Catalyst News

2022 Mid-Year Economic Update

by Sarina Freedland | Jun 21, 2022

If you thought volatility and uncertainty were left behind in 2021, think again. It seems that 2022 has only magnified the amount of volatility and uncertainty the economy and financial markets are facing. When we said good-bye to 2021, the pandemic was winding down, people were starting to get a sense of normality back in their life, and the labor market was strong. The one main hurdle facing the economy was inflation. The Federal Reserve announced at the end of 2021 it was turning its focus 100% to curtailing the unprecedented rise in inflation and would start raising rates mid-year after it finished its bond buying program.  

Well, we just passed the mid-year point and the Fed has already increased the short-term benchmark rate by 150 basis points. And, it has doubled the amount of bonds it will run off in an effort to shrink the balance sheet, a process that will last through at least September. The Federal Reserve and members of the White House administration have acknowledged they were caught off guard by the intensity of events early in the year. The COVID and pandemic uncertainties from 2020 and 2021 were quickly and unexpectedly replaced by Russia’s attack on Ukraine and multiple COVID-lockdowns in China. The convergence of these events intensified the already strained supply issues the global economy was undergoing. The fighting between Russia and Ukraine has created a threatening shortage of grain and oil that reaches across the globe. Inflation has risen to the highest level in 40 years. Gasoline prices are over $5 a gallon in half the country. The rise in wages that began last year is quickly falling behind the increase in prices. Inflation-adjusted average hourly earnings fell 3% in May from a year ago, the biggest decline in over a year.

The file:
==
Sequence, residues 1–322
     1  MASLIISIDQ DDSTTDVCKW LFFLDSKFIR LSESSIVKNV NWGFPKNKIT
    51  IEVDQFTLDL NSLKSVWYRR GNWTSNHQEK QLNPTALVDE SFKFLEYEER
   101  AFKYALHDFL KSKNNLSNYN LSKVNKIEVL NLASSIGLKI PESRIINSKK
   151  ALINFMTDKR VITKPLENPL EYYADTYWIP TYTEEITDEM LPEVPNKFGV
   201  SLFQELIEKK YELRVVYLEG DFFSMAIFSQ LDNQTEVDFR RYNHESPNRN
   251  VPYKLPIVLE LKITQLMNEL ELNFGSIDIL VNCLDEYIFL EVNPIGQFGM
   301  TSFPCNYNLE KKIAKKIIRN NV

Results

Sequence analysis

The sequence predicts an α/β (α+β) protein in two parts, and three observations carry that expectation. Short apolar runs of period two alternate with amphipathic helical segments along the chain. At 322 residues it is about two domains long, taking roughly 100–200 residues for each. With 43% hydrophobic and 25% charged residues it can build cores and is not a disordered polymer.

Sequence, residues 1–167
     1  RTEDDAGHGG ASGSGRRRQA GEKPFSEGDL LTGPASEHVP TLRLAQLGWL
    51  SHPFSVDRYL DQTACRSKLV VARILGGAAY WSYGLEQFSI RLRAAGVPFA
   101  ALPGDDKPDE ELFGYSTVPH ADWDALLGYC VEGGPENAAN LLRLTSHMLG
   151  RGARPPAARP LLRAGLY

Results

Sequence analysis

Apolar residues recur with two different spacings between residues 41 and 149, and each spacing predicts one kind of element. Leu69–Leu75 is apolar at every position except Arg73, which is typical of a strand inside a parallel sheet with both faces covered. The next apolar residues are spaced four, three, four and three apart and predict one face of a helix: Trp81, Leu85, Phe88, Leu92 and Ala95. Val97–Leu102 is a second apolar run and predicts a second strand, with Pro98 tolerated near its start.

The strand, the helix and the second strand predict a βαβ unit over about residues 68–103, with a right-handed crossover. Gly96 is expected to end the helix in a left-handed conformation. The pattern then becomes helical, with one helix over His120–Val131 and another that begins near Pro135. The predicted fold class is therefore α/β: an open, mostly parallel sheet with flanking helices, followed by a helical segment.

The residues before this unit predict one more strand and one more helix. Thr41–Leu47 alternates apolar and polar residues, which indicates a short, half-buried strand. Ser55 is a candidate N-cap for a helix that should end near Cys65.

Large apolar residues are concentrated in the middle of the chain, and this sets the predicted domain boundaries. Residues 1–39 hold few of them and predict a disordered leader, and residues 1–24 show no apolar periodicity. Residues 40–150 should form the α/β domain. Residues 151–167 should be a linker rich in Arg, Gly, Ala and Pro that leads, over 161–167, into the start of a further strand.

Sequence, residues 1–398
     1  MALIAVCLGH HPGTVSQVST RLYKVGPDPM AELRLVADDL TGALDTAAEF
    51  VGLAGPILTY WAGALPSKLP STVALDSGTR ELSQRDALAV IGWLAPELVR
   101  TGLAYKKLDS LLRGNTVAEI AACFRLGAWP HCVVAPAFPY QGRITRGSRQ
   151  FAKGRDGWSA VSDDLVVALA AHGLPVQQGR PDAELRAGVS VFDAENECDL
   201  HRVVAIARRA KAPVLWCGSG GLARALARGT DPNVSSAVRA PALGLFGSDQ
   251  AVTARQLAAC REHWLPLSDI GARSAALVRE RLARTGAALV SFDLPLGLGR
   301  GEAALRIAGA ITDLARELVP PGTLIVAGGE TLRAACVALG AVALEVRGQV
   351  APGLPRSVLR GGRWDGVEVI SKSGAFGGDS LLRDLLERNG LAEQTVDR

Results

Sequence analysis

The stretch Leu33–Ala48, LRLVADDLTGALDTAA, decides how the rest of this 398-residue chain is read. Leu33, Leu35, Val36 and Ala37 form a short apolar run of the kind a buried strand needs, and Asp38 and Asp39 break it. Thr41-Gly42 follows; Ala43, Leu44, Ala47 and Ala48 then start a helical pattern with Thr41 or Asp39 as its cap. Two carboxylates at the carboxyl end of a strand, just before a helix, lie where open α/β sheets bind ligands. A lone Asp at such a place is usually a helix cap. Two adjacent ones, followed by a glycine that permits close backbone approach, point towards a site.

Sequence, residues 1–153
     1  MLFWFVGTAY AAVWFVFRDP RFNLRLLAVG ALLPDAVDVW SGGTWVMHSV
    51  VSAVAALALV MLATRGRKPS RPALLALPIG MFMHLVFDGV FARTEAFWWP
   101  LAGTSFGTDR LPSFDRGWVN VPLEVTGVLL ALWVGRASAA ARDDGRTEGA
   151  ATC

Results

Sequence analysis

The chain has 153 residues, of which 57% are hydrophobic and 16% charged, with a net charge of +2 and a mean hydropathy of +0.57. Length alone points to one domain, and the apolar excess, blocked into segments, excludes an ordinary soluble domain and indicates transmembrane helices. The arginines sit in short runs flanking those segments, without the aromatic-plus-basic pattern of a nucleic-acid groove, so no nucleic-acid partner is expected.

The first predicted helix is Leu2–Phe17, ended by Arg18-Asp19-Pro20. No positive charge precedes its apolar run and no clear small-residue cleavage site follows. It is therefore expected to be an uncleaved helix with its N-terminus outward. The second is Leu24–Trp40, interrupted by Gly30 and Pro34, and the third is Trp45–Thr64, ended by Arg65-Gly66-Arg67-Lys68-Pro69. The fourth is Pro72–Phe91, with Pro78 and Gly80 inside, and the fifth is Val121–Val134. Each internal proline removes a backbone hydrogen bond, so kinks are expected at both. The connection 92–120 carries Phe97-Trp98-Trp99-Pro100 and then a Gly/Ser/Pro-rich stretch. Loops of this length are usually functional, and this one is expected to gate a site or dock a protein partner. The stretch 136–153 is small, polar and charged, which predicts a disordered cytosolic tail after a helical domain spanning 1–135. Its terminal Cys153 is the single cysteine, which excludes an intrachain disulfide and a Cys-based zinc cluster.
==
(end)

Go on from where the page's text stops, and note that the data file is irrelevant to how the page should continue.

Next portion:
The changes that have occurred thus far in 2022 will have far-reaching impacts on consumers. The Federal Reserve’s intention to slow demand, or demand destruction, by raising interest rates threatens to derail the economy before prices have time to move lower. Mortgage rates are at the highest level since 2009 and quickly approaching 6%. Home prices, which began rising during the pandemic, are 20% higher today than a year ago. The impact of higher rates and prices is making home ownership unattainable for the average person. Corporate earnings took a hit last quarter as companies overestimated consumers’ ongoing spending habits. It won’t be long before some companies begin cutting staff in a quick attempt to help restore earnings. The negative impact to companies will soon be show up in peoples’ 401k’s. This will have a tremendous psychological impact on consumer spending. The average savings rate has fallen to 4.4%, the lowest level since 2008. To combat higher prices, consumers are pulling out their credit cards. Credit card balances have increased 66% from the end of 2021. As the Fed continues to raise rates, the interest rate on credit cards will increase, making it more challenging for consumers to pay off the debt.  

It is difficult to look past the doom and gloom events of the first half of the year. Economists are split on whether the economy will end up in a recession in 2022 or if it will push forward to 2023. There remain many factors out of the Feds control, namely rising commodity prices and supply chain disruptions. The path to making life more affordable for Americans has become more challenging, but the Fed remains committed to restoring balance between the labor market and prices, ultimately providing a labor market where wages keep up with prices.